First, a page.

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Old Bishop Compton’s vision lives on

07 June, 2019 — By The Xtra Diary

Bishop Henry Compton 

AND so the beautiful surroundings of St Anne’s Courtyard (not to be mistaken with the cut-through St Anne’s Court), which provides such a lovely haven from the hustle and the bustle of Soho.

It is where, of course, the annual Soho Society Fete takes place every June – an event that features the famous Soho Waiters’ Race.

This year it takes place on June 30, and the society is looking for volunteers to spend a couple of hours setting up, selling raffle tickets, helping out on stalls and generally lending a hand.

And what a history St Anne’s has: Bishop Henry Compton (yes, he is the Old Compton in Old Compton Street) consecrated the ground in 1686 and a church was designed by William Talman – one of Sir Christopher Wren’s apprentices.

Compton (pictured right) was a learned chap who wrote histories, he was also put in charge of the education of princesses Mary and Anne.

A practical fellow as well, he was responsible for a wide-ranging survey of England and Wales in 1676, which became known as the Compton Census. He was a Renaissance expert, and also served as a soldier; he was up to his eyes in the politics of the period, being one of those who invited William and Mary to England and start the Glorious Revolution.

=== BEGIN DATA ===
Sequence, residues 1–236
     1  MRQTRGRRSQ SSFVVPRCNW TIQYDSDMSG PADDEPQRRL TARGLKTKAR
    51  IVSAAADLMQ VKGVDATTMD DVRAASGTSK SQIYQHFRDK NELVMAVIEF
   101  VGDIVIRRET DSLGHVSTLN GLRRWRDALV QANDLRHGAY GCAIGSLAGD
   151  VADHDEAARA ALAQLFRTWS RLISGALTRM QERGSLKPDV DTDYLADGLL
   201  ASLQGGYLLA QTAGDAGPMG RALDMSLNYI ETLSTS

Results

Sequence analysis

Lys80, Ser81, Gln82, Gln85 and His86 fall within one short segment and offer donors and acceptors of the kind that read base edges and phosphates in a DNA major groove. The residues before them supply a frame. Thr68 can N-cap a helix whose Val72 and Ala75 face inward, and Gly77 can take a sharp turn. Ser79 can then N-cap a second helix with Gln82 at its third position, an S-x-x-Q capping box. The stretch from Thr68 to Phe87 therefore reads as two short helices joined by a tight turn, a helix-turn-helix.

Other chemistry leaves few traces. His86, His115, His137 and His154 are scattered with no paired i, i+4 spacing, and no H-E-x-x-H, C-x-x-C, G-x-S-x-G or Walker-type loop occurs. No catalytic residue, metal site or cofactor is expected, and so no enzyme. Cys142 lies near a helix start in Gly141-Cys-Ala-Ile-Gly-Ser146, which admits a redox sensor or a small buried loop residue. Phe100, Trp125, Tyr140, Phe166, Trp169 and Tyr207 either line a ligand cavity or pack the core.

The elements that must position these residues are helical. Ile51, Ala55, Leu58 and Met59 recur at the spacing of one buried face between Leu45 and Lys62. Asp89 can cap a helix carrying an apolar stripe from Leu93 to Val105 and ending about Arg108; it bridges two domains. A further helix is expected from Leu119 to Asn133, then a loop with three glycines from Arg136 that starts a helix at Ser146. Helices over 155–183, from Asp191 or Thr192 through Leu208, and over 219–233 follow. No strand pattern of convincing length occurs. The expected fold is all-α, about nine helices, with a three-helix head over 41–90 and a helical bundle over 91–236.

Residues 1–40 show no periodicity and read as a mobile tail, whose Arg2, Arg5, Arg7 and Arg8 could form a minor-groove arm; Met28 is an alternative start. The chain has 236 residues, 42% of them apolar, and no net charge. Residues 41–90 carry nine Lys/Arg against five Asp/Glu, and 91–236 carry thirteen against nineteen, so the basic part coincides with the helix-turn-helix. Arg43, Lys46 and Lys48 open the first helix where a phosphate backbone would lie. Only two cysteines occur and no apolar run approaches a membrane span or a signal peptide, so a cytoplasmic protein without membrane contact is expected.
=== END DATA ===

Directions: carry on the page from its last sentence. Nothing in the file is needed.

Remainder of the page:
But his real love was botany, and he sought to create beautiful gardens in the churchyards under his care after he was appointed the Bishop of London in 1675.

Talman’s St Anne’s soon became known for its outstanding choirs and organists.

But fate dealt this lovely church a bad hand. If you look at it today you can see a tower that was added in 1803 when the original had become dangerous.

Sadly, it is the only remaining part of the old church that survived the Blitz.

The bomb site land was used as a car park for many years, until the great Sohemians of the Soho Society stepped in.

In 1991 part of the land was used for social housing and businesses, while the funds raised were used to build a community space and a chapel.

It feels like helping the society celebrate its fete every year keeps alive the idea that Old Compton had, that this parish needed a church at its heart, with some outdoor space so we can get down with nature.

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